Passed several log jams, where you could see how loops of the river would be blocked off to form the ox-bow lakes.
Saw more of the local commerce, with smaller motorized boats and boats accompanying logs down the river.
Local boat
Log relay
We arrived at about 3:00 PM and had lunch very soon afterwards. The Manu Wildlife Center is an amazing place located just outside of the Manu Biosphere. It has 22 bungalows with private baths with hot water showers and a large dining hall/bar building with gift shop and its own mascot.
Frida in the rafters
We soon met the mascot, Frida, the rescued Emperor Tamarin who has been returned to the wild, but she prefers coming to the dining hall and sneaking sugar from the sugar bowls and bites from the plates of visitors.
Frida between Jan & Kirby
Frida sniffs the dessert
Frida helps herself
Frida and Brynne
We went to our screened bungalow named Charapita (little turtle),
Our bungalow
Beds with mosquito nets
Desk and "wardrobe"
Privacy curtain
Our own bathroom
and found there was no electricity, but we could plug items in at the dining hall to be charged at certain hours of the day.
Charging station
Jan and Kirby were in Orquida (orchid) bungalow.
Although we had just eaten, we returned to the dining hall to get boxed meals to take with us to the Tapir Lick, and left at 4:30 PM to start the long hike of 3 km/nearly 2 miles. Rob and Percy could hear peccaries in the jungle, but they must have been downwind from us! The trail was really wet with puddles that we tried to walk around. Finally we arrived in the dark at a covered boardwalk that raised us up onto an elevated platform, lined with mattress pads covered by mosquito netting. It sounded like most of the mattresses were occupied, so Brynne and I were squeezed into a single spot, and had to spoon while waiting for tapirs. We shared one tiny pillow. We weren’t hungry enough to eat dinner, so we tried to snooze, and were promised we would be wakened if and when a Brazilian Tapir appeared. We later learned that Jan & Kirby had a double mattress, and that the one on the other side of them was empty. As it was, we tried not to move because we were hot and sweaty from the hike, and we wanted to be very quiet.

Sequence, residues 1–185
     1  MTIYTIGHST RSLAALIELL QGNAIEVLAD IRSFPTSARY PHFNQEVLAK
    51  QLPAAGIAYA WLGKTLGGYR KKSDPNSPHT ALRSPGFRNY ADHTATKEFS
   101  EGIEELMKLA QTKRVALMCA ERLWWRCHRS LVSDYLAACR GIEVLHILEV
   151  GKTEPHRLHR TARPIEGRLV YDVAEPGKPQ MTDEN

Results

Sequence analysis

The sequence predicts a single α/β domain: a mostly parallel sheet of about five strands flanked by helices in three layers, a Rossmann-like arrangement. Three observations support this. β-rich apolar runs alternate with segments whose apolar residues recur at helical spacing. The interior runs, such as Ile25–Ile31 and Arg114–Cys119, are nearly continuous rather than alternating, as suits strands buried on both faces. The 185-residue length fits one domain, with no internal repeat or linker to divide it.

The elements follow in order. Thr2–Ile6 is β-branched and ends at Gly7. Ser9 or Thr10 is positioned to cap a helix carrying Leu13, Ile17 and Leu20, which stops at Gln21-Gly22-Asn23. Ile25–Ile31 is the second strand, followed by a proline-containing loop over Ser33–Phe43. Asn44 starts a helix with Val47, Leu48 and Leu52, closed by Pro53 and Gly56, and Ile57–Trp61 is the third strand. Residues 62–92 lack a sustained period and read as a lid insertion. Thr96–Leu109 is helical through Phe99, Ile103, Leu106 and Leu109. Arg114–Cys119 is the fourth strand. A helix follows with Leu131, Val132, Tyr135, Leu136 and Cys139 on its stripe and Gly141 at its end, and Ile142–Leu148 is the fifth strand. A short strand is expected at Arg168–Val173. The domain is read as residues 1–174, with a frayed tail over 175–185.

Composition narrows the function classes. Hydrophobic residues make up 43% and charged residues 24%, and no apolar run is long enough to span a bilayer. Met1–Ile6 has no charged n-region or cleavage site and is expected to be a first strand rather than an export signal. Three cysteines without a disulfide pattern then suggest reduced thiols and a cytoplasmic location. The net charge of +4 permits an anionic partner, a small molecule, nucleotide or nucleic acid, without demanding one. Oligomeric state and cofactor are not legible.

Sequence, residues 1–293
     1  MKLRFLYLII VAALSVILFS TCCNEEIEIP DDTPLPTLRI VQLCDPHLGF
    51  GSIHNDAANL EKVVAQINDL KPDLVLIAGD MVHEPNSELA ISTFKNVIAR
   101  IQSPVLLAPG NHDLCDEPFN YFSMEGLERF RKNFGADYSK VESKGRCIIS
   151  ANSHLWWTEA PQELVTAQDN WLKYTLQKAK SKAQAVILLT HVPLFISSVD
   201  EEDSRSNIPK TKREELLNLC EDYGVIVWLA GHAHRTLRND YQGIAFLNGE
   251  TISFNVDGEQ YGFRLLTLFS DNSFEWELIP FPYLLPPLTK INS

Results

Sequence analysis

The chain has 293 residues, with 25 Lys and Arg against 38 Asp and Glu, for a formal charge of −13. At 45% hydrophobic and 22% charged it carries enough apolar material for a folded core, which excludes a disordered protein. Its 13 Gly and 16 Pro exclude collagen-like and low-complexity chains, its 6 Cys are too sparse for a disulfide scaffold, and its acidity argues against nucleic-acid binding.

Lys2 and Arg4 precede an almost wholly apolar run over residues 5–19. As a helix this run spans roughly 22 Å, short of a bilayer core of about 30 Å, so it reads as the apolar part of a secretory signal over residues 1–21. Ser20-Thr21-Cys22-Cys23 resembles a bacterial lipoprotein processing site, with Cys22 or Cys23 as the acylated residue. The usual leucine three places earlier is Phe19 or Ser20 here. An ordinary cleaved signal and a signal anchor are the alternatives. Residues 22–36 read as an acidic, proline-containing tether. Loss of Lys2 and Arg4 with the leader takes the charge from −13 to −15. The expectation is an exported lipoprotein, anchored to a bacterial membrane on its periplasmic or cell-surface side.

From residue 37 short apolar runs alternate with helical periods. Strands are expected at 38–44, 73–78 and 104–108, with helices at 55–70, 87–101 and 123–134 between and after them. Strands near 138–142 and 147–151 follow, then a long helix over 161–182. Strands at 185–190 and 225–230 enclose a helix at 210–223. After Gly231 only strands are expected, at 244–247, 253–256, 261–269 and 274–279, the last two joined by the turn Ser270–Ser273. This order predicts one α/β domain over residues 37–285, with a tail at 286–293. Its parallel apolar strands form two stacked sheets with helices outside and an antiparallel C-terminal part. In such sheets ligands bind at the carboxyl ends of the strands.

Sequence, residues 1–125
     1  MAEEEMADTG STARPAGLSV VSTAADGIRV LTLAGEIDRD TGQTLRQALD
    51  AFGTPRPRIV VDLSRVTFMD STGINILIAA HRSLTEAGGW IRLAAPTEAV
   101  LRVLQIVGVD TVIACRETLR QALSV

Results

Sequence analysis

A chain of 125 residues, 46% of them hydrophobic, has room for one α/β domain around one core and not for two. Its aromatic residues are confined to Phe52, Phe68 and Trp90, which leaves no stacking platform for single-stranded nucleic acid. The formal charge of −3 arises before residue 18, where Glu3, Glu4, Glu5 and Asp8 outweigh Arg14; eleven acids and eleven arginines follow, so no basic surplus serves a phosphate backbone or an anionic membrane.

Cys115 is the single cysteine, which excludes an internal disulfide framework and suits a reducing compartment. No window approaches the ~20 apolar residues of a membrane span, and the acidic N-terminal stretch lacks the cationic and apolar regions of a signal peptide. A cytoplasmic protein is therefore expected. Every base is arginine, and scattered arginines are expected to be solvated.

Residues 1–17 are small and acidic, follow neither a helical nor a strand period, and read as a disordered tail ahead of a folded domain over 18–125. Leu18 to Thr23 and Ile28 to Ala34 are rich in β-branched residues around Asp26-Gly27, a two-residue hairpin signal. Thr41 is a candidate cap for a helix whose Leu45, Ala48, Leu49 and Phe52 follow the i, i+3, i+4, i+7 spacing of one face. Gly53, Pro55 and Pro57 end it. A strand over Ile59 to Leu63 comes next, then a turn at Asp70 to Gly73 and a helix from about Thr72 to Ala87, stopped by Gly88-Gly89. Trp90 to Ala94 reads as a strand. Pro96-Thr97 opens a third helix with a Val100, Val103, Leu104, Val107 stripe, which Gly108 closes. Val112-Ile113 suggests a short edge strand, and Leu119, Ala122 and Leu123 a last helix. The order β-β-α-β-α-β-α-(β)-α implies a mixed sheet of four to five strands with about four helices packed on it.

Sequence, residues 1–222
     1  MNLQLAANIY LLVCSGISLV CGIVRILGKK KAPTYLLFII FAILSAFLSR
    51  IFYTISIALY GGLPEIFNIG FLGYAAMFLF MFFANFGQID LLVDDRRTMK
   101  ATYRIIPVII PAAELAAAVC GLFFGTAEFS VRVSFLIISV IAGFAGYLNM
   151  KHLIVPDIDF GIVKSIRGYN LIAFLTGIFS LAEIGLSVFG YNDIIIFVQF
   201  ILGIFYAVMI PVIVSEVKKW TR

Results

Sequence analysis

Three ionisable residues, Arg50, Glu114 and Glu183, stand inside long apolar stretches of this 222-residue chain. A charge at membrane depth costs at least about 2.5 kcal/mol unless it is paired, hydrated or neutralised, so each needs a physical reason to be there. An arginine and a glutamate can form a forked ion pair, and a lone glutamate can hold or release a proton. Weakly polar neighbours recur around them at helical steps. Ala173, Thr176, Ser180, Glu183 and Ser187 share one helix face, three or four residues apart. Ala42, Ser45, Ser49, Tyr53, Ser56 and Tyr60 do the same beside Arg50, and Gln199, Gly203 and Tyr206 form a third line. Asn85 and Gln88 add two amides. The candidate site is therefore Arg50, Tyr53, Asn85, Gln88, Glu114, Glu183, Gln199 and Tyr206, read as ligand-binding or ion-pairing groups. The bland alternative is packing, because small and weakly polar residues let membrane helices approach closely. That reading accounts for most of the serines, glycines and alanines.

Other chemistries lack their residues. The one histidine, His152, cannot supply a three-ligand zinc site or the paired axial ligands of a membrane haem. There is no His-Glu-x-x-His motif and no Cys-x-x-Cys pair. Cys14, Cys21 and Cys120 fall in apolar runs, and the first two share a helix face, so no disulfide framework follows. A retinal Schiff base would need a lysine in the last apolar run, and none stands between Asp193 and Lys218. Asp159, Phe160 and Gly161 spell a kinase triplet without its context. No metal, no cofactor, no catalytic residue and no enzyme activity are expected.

We didn’t have to be awakened, because we could hear the tapir coming! Snorts and grunts along with crashing footsteps in the undergrowth, the largest land mammal in South America trundled into the area below us, and started slurping at the clay lick. (They actually scrape at the clay with their teeth, but much of it is underwater. The clay is an alkaloid complement for their diets to balance the toxin in plant leaves.) A tapir hadn’t appeared in the last three nights because of rain, and it was feared that maybe the moon was too bright tonight. But here he was! The staff shined an infrared light on the beast, and we had a perfect vantage point as we peeked from beneath the mosquito netting. The tapir then left, walking out right beneath us.
Had a flashlight hike on the way back and Brynne spotted a tiny flesh-colored snake at the same time Percy found a tailless whip scorpion. Then Brynne found a tiny frog with white legs
Brynne's find
and Percy found a Dung Beetle,
a Rainbow Katydid,
poison dart frog with a yellow stripe, another dark frog or toad, and showed us Bullet Ants. Then he thought he saw a tapir. Brynne and I ended up ahead with Rob, and got to see a Tawny-bellied Screech Owl. We heard another owl which Rob echoed, but no sighting. Back at the dining hall, Brynne and I drank lots of water and tried to eat some of our boxed meal, but were not really hungry. Percy and Kirby arrived later, as Kirby had sprained his left ankle. Returned to the bungalow to shower and go to bed.
Kerosene lamps lit the path, with the lamps made from all types of glass jars and bottles.
Kerosene lamp
Next: Day 8 Macaw Salt Lick.

No comments: